Samuel Daniel

(1562 - 1620 / England)

Sonnet I: Unto the Boundless Ocean


Unto the boundless Ocean of thy beauty
Runs this poor river, charg'd with streams of zeal:
Returning thee the tribute of my duty,
Which here my love, my youth, my plaints reveal.
Here I unclasp the book of my charg'd soul,
Where I have cast th'accounts of all my care:
Here have I summ'd my sighs, here I enroll
How they were spent for thee; look what they are.
Look on the dear expences of my youth,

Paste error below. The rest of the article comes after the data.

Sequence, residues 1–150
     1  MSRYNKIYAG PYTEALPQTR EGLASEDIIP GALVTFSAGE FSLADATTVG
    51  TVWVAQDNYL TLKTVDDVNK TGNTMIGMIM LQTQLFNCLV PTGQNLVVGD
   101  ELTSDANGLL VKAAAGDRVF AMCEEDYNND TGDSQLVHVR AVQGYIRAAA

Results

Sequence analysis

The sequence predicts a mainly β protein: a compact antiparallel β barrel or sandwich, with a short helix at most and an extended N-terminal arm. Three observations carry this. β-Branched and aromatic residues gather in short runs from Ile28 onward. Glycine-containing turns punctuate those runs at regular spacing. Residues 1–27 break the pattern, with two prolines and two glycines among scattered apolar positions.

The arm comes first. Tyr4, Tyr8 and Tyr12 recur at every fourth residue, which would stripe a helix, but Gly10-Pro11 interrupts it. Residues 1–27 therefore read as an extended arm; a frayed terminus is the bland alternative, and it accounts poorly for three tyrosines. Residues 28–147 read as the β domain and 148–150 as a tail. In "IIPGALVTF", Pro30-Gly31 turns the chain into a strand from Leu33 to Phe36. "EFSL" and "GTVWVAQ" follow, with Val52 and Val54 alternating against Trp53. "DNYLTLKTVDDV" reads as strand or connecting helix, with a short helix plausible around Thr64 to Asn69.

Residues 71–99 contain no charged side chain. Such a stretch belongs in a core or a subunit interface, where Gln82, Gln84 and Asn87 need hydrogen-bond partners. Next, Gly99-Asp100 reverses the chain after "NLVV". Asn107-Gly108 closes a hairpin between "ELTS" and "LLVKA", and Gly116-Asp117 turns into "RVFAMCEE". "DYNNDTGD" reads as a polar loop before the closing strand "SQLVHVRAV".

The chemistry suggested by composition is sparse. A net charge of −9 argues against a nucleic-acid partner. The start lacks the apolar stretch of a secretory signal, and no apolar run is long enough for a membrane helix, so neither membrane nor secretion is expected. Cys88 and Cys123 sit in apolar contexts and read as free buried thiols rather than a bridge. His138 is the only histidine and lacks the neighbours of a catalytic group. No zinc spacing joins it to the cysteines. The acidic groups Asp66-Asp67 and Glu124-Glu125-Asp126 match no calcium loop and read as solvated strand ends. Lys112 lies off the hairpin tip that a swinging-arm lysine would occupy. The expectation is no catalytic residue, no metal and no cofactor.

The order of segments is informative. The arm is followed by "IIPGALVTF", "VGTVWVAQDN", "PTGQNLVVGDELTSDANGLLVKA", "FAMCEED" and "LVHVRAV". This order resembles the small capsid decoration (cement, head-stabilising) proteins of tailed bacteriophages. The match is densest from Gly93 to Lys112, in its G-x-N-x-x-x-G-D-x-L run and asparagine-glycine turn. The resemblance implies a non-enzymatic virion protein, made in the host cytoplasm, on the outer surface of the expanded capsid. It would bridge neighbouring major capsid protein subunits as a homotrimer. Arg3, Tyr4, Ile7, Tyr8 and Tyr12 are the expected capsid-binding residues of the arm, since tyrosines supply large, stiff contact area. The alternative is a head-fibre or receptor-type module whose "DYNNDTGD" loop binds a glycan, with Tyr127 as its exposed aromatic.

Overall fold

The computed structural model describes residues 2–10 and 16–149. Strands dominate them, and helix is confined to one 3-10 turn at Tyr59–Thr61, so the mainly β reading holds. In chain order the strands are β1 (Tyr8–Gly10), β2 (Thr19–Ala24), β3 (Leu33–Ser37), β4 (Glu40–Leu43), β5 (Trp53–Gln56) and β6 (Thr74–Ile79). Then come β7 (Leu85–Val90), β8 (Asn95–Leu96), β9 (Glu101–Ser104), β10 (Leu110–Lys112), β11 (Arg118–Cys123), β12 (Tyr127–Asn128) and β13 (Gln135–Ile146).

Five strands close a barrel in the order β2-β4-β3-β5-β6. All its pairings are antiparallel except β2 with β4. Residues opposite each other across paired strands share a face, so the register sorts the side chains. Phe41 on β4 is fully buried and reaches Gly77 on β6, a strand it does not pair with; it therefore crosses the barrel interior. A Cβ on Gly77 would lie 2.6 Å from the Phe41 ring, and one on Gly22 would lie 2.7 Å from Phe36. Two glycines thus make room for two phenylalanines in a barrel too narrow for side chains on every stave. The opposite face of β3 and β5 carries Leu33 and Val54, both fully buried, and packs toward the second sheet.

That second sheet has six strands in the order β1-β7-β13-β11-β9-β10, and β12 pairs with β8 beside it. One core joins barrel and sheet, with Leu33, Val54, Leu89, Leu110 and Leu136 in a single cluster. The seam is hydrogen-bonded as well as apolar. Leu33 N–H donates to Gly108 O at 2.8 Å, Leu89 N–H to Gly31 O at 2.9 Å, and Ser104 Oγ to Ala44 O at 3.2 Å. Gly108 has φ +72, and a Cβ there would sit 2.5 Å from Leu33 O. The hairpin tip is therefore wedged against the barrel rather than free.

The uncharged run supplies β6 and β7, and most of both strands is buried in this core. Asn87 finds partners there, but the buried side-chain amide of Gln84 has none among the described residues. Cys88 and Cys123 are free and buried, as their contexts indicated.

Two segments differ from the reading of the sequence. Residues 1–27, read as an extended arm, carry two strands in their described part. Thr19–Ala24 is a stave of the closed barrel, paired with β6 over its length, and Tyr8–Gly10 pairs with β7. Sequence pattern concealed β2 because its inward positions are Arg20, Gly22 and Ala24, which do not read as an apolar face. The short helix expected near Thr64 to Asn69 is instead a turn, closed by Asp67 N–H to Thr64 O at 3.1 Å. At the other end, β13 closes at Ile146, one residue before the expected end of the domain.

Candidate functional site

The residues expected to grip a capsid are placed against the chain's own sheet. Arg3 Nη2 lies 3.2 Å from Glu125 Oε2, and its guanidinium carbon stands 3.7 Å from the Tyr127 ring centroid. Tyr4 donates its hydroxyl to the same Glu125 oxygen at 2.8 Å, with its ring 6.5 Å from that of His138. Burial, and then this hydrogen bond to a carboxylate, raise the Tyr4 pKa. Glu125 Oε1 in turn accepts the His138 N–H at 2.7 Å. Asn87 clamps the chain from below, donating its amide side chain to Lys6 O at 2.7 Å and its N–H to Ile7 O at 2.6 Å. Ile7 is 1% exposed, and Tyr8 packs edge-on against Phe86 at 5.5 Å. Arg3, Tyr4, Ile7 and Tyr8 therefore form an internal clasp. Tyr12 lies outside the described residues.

And see how just I reckon with thine eyes:
Examine well they beauty in my truth,
And cross my cares ere greater sums arise.
Read it, sweet maid, though it be done but slightly;
Who can show all his love, doth love but lightly.

Submitted: Friday, January 03, 2003

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Comments about this poem (Sonnet I: Unto the Boundless Ocean by Samuel Daniel )

  • Rookie Abid Russell (4/3/2005 5:59:00 AM)

    Critical to the meaning of this sonnet is that line 11 should read 'thy beauty' and not 'they beauty' (Report) Reply

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